[Haskell-cafe] Quantification in Instance Contexts

Andras Slemmer 0slemi0 at gmail.com
Thu Jun 26 09:08:24 UTC 2014

Your second example shouldn't (and doesn't) compile, as the IsNotFirst
instance has an ambiguous variable 'b'. What you want is this 'b' to be
existentially quantified and have the compiler provide a witness for it.

Again, Haskell doesn't have a closed world of types. Even if the compiler
doesn't find a 'b' in say the current module it cannot refute an IsNotFirst
constraint, as an IsAfter instance may be defined in another module.

module A where
weirdId :: IsNotFirst a => a -> a
weirdId = id

Should this compile if we don't have an IsAfter instance in the current
module? What if we define one in module B which imports module A? What if
we have two IsAfter instances? Which instance should it use?

> adding extra instance declarations can 'change the truth-value' of the
right-hand side.

No, they cannot. instance (IsSecond a) => IsNotFirst a translates to
(\forall a. IsSecond(a) -> IsNotFirst(a)), which will always hold. (Unless
you switch on overlappinginstances which you shouldnt)

On 25 June 2014 23:06, Julian Arni <jkarni at gmail.com> wrote:

> Thanks for the reply. I don't quite understand why guessing whether there
> is an intermediate type would be so magical, though. Let's simplify:
> data A
> data B
> class IsNotFirst a
> class IsAfter b a
> instance (IsAfter b a) => IsNotFirst a
> instance IsAfter B A
> Here we've separated out the ambiguous type issue from the unification.
> Note that *already*, if I query with undefined::(IsNotFirst A => a), I get:
>   No instance for (IsAfter b A) arising from a use of ‘t’
>     The type variable ‘b’ is ambiguous
>     Note: there is a potential instance available:
>       instance [overlap ok] IsAfter B A
> Generally, GHC is doing the work that I wanted it to *in the error
> message*. In what sense, then, is this impossible?
>   And why is there some inexcusable use of CWA here? Instances already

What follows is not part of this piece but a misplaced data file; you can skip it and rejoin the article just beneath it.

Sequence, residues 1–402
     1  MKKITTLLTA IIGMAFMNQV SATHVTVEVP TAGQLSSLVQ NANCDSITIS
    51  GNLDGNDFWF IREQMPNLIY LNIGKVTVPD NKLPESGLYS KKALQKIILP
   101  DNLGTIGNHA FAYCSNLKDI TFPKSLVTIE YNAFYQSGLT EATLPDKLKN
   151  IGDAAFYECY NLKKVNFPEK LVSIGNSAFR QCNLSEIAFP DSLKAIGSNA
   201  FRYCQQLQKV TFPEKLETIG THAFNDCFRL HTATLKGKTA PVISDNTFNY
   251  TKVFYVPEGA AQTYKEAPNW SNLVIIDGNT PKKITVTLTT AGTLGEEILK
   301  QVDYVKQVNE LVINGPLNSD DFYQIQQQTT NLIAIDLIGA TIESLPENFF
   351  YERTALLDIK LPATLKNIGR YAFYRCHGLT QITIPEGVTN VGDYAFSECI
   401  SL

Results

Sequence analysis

> have (if you squint) a negation-as-failure semantics. "instance (IsAfter b
> a) => IsNotFirst a"  doesn't *in that sense* look that different to me than
> "instance (IsSecond a) => IsNotFirst a": adding extra instance declarations
> can 'change the truth-value' of the right-hand side.
> Thanks again,
>    Julian
> On Thu, Jun 26, 2014 at 1:58 AM, Andras Slemmer <0slemi0 at gmail.com> wrote:
>> Think about what you're asking from the compiler. If it sees a (Path a c)
>> constraint it would have to magically guess whether there is an
>> intermediate type b for which (Path a b) and (Path b c), which is
>> impossible.
>> Logic programming relies on the closed world assumption, meaning that if
>> a statement cannot be proven within the closed world we are working in then
>> it is false. Haskell typeclasses don't work like this; there is no closed
>> world of types, so the compiler cannot "refute" a constraint.
>> In prolog you'd have something like this:
>> path(A,C) :- path(A,B), path(B,C).
>> (havent used prolog for a while so syntax might be off)
>> If you translate this to first order logic you'd have:
>> \forall A,C.(path(A,C) <- \exists B.(path(A,B)^path(B,C)))
>> It is the existential that is emulated with the cwa and cannot be
>> emulated in haskell's typesystem.
-------------- next part --------------
An HTML attachment was scrubbed...
URL: <http://www.haskell.org/pipermail/haskell-cafe/attachments/20140626/f80bec89/attachment.html>

More information about the Haskell-Cafe mailing list